Better neutral pose

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Better neutral pose

Postby entiresia » Wed Mar 05, 2014 11:36 pm

Hi, I'm entiresia and I make 3D prints of nude statues on home-made 3D printers. I write about my experiences at http://3Dprintednudes.blogspot.co.uk
I like to find and then try and copy interesting poses and then print them as 3 dimensional sculptures. I am severely restricted by the EULA of the product that I currently use and am seriously consider switching to a method that gives me more freedom to share and/or sell my designs.

The biggest problem I face with many character posing tools as that the shoulders and hips look horribly distorted when fully flexed.
Look at the LEFT shoulder, hip and knee in the picture below, to see what I mean.

Image

I now believe I may have found a solution for this. To make the mesh deform most naturally, I believe the resting position should be halfway through the range of movement for every joint in each direction.

The problem is that most meshes are designed with the body in a 'neutral' T or A shaped pose - but that does not provide the full range of joint movement.

Think about the hip. Its greatest range of movement is forward flexion. From standing you can only bend your leg backwards about 30 deg, but you can bring your knee forwards, right up to your chest. To provide the full range of movement, why not design the mesh with the neutral position being half-way between these two extremes?

Ever wonder why the skin on your knees and elbows is so wrinkly? It's because you need lots of spare skin to allow the joints to flex fully, otherwise it would tear. The neutral position for elbows and knees is bent to about 90 degrees.
I would like to see a mesh designed to look good with the joints all positioned mid-way through their range of movement, with the hope that when the arms are fully raised or the hips are fully flexed, you don't get those horrible distortions. I have moved the RIGHT arm and leg in the picture above so that the joints are mid-range.

What do you think?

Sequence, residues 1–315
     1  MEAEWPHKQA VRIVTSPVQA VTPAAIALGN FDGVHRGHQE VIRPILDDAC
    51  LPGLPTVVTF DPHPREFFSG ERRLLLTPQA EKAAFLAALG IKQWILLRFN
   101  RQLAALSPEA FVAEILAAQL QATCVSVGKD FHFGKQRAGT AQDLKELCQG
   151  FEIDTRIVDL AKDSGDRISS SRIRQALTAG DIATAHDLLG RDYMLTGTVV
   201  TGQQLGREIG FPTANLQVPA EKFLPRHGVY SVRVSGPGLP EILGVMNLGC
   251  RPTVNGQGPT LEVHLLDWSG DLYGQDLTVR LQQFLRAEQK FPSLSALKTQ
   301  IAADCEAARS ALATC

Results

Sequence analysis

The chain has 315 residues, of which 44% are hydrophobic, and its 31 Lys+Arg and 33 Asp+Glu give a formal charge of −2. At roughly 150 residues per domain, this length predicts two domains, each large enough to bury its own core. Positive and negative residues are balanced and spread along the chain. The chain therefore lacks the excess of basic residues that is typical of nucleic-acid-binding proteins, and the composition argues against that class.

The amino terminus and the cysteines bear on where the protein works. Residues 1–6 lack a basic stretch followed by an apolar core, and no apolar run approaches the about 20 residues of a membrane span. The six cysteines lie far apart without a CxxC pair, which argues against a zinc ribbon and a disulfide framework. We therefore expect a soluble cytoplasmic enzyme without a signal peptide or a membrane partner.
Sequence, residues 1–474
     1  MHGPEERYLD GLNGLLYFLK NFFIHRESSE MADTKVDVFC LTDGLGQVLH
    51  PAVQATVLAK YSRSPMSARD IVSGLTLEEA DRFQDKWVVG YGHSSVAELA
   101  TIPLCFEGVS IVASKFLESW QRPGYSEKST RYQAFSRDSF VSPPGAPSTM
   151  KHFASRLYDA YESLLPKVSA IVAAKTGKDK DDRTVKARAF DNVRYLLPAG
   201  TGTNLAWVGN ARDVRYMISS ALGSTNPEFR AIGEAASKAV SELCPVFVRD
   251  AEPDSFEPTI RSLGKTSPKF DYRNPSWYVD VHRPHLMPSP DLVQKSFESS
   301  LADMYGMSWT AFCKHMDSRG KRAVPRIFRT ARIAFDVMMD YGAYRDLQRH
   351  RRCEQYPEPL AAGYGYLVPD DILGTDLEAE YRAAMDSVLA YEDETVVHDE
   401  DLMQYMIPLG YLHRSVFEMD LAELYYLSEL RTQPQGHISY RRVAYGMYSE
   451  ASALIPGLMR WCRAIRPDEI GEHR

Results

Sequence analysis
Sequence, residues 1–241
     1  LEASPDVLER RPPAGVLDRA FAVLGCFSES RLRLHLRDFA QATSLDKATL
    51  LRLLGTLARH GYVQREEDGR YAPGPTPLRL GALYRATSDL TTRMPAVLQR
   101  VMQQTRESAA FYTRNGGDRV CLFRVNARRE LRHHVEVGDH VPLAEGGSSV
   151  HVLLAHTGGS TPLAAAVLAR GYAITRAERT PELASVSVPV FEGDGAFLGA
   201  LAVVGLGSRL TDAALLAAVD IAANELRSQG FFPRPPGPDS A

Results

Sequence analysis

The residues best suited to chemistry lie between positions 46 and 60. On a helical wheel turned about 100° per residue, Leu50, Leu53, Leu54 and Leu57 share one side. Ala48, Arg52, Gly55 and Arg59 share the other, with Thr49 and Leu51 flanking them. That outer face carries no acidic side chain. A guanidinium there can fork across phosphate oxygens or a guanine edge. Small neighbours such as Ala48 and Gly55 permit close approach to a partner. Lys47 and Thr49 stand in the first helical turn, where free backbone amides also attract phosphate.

entiresia
entiresia
 
Posts: 1
Joined: Wed Mar 05, 2014 10:44 pm

Re: Better neutral pose

Postby brkurt » Thu Mar 06, 2014 4:38 pm

Ah...this brings back memories of my first experience with Makehuman. Yes, you are correct, bent knees and arms are the way to go. In fact, if you go back to earlier versions of Makehuman, you will discover that the splash screen is an adult male in a fetal position. There should still be a white paper in the documents section about why the fetal position is the best starting point for a realistic human mesh; I haven't read it in a while. :geek:

When it comes to design philosophy, someone could write their master's thesis on all the ideas incorporated into Makehuman since 2001. ;)
brkurt
 
Posts: 1091
Joined: Sun Feb 17, 2008 8:49 pm

Re: Better neutral pose

Postby Manuel » Thu Mar 06, 2014 4:44 pm

Hi Entiresia,

what rigging are you using? Also are you using FK or IK ?
The pose posted above is easy to obtain with mhx rigging, and I'm pretty sure it should be much, much better.
I'll post you some examples later.
Manuel
 

Re: Better neutral pose

Postby Manuel » Thu Mar 06, 2014 6:37 pm

entiresia wrote:Hi, I'm entiresia and I make 3D prints of nude statues on home-made 3D printers. I write about my experiences at http://3Dprintednudes.blogspot.co.uk
I like to find and then try and copy interesting poses and then print them as 3 dimensional sculptures. I am severely restricted by the EULA of the product that I currently use and am seriously consider switching to a method that gives me more freedom to share and/or sell my designs.

The biggest problem I face with many character posing tools as that the shoulders and hips look horribly distorted when fully flexed.
Look at the LEFT shoulder, hip and knee in the picture below, to see what I mean.

I now believe I may have found a solution for this. To make the mesh deform most naturally, I believe the resting position should be halfway through the range of movement for every joint in each direction.

The problem is that most meshes are designed with the body in a 'neutral' T or A shaped pose - but that does not provide the full range of joint movement.

Think about the hip. Its greatest range of movement is forward flexion. From standing you can only bend your leg backwards about 30 deg, but you can bring your knee forwards, right up to your chest. To provide the full range of movement, why not design the mesh with the neutral position being half-way between these two extremes?

Ever wonder why the skin on your knees and elbows is so wrinkly? It's because you need lots of spare skin to allow the joints to flex fully, otherwise it would tear. The neutral position for elbows and knees is bent to about 90 degrees.
I would like to see a mesh designed to look good with the joints all positioned mid-way through their range of movement, with the hope that when the arms are fully raised or the hips are fully flexed, you don't get those horrible distortions. I have moved the RIGHT arm and leg in the picture above so that the joints are mid-range.

What do you think?
entiresia


You can see an example of correct usage here: viewtopic.php?f=13&t=9796&hilit=shoulder#p20969
The rigging will be improved again in next versions, but it's already sufficient a decent result with your pose.
Image
Manuel
 


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